The Environmental Working Group (EWG) is my go to place for evaluating the safety of products. They are not as focused on using only natural products like I am, but this organization’s main concern is health safety.
Recently, EWG released their 2013 edition of the Guide to Better Bug Repellants. Given the seriousness of many insect-borne diseases, EWG top three picks are chemicals I would never use, such as DEET.
Researchers at EWG reviewed the available safety and efficacy data of repellent chemicals in virtually every bug repellent for sale in the U.S. and highlighted four ingredients as top picks:
— Oil of Lemon Eucalyptus or its synthetic derivative PMD
No single product is best for everyone in every situation, but EWG’s researchers concluded that these four chemicals can provide long-lasting protection from ticks, mosquitos and other bugs. When used properly, each poses relatively few health concerns.
Though DEET has been much maligned, and in rare cases, intense doses have been linked to nervous system impairment, an extensive review of the scientific literature found few reports of serious health hazards when the chemical was used sparingly, as the maker’s instructions specify.
I have been in many swarms of mosquitoes in remote wilderness lakes, and as EWG reports, many botanical repellents are not that effective.
EWG research indicates that unregistered botanically based bug repellents are not often the best choice. The most common contain castor oil, cedar oil, citronella oil, clove oil, geraniol oil, lemongrass oil, peppermint oil, rosemary oil and soybean oil. While effectiveness varies, and there may be a few exceptions, most botanicals repel bugs for a short time, if at all.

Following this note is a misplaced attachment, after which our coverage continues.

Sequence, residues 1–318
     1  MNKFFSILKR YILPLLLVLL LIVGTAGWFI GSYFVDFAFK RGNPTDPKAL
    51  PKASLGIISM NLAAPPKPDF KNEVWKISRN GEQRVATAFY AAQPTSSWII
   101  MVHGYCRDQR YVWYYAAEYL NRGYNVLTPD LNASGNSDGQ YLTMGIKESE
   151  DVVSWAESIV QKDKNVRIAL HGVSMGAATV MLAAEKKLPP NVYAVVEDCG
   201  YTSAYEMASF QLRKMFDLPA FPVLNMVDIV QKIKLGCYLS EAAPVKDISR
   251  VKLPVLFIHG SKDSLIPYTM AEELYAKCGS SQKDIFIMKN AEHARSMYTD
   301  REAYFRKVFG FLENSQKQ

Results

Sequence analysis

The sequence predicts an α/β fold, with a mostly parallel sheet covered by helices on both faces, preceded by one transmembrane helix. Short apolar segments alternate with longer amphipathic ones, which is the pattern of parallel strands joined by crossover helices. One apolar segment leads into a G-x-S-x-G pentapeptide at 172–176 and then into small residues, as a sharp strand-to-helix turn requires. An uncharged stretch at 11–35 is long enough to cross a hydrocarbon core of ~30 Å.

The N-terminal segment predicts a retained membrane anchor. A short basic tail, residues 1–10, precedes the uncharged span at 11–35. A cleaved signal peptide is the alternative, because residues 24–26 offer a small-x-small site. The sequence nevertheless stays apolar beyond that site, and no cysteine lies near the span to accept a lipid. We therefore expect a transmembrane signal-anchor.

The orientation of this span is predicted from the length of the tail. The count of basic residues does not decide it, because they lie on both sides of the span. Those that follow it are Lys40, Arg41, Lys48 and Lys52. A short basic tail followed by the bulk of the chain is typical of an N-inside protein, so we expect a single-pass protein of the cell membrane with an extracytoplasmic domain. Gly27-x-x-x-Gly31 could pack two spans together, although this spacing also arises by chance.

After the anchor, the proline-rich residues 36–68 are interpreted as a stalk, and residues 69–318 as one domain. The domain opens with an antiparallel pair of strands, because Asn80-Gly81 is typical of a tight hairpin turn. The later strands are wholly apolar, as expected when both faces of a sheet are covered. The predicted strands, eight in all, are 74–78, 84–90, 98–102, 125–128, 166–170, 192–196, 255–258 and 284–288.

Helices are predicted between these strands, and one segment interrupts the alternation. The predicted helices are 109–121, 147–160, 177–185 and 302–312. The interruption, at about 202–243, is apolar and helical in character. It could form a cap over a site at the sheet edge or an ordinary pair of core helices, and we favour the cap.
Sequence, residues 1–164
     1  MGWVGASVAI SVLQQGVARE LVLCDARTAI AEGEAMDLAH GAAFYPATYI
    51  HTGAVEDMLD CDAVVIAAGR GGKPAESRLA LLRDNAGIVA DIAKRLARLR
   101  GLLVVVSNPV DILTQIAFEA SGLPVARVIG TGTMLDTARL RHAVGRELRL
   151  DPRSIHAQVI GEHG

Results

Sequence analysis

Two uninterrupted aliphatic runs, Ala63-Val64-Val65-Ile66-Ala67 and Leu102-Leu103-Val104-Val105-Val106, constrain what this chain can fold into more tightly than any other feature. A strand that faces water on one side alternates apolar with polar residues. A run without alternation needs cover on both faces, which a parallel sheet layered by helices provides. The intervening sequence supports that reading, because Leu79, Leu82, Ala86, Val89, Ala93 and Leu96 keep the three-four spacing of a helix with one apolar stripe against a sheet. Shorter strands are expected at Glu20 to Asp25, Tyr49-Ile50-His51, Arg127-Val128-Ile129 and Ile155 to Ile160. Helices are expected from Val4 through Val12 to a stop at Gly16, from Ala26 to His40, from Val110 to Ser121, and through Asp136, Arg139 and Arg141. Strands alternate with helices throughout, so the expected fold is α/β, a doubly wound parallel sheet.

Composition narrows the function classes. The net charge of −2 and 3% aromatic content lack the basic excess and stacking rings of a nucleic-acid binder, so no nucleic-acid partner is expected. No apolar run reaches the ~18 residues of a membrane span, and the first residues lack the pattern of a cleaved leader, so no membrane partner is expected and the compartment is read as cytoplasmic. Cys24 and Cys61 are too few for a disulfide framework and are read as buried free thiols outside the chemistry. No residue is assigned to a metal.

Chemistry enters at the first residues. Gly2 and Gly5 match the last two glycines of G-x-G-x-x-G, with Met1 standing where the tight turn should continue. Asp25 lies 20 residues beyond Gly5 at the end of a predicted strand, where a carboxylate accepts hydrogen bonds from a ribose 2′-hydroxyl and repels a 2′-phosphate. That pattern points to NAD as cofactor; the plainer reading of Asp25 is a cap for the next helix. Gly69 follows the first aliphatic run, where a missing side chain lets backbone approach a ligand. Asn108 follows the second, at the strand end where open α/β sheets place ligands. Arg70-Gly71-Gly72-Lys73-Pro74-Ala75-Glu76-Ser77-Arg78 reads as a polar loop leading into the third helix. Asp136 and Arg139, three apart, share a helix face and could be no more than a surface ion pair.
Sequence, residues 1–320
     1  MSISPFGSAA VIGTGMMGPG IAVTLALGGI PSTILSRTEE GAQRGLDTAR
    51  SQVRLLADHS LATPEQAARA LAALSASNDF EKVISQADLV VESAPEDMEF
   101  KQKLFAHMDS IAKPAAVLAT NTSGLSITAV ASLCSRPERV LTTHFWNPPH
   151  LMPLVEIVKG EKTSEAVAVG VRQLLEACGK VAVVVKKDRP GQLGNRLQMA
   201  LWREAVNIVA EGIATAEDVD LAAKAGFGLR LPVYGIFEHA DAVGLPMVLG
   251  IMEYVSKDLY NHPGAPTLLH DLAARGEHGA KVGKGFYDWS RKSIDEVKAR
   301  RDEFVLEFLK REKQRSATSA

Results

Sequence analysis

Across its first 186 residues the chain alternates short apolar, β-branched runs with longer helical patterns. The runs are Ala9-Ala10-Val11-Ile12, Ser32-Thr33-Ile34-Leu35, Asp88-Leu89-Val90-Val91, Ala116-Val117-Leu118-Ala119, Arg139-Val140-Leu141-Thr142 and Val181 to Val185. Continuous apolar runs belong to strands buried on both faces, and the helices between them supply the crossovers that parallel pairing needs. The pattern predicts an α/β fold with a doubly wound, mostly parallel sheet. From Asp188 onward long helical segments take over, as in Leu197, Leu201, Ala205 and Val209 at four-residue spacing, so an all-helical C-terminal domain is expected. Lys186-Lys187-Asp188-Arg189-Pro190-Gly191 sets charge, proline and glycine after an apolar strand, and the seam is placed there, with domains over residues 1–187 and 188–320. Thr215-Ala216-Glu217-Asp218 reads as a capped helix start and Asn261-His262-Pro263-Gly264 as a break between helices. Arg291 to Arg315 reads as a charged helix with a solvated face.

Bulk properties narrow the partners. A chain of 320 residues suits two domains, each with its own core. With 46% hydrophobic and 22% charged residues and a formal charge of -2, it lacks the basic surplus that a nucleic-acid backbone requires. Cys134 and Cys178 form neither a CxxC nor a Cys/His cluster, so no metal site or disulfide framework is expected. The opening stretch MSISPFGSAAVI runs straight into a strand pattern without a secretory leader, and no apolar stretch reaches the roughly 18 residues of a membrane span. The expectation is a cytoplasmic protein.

There are few data available on botanicals because the EPA has classified them as “minimum risk” pesticides, meaning, they are exempt from registration and efficacy testing. But “minimum risk” does not mean safe. Products based on these botanical ingredients generally contain known human allergens – often at much higher concentrations than personal care products.
These natural repellents require repeated application, sometimes within 10 minutes of one another. I do find that they work, but it is short lived and requires a lot when the mosquitoes are thick. I would rather do this than expose myself and children to chemicals.
The best solution is wearing layers of clothing the bugs cannot penetrate. That being said, when it is really hot outside, this is hard to do.
There is one naturally-derived repellent ingredient EWG does recommend. [amazon_link id=”B004N59OFU” target=”_blank” ]Lemon Eucalyptus Natural Insect Repellent[/amazon_link]. I haven’t tried this, but I plan to!
EWG does caution:
• Oil of Lemon Eucalyptus/PMD on children younger than 3 years old.
• More than 30 percent DEET on anyone.
• Any bug repellents on children under 6
• Outdoor “fogger” insecticides. They contain more toxic ingredients than repellents applied to skin.
• Candles. They may not be effective. They emit fumes that could trigger respiratory problems.
• Aerosol sprays in pressurized containers. You’ll inhale chemicals, and you could get sprayed in the eyes and face.
• Repellent mixed with sunscreen. When you reapply sunscreen every two hours as ad- vised, you overexpose yourself to repellent.
• Bug zappers and treated wristbands. They’re ineffective. Save your money.
I like to be outside. That comes with some risk.
I try not to worry about bug-borne illnesses. The rates of these diseases are increasing, and it is only going to get worse from the effects of climate change. We have had a very bad tick year in northern California. Everyone in my family has been bit.
I will not live my life in fear nor will I resort to chemicals. Covering up and using natural ingredients, as well as checking yourself after hiking, is the best solution!
Image: Mosquito repellent. Woman spraying insect repellent on skin outdoor in nature using spray bottle on Bigstock
I have been using a product called Sweetly Citron on Amazon and it is deet free.
Works great and smells good.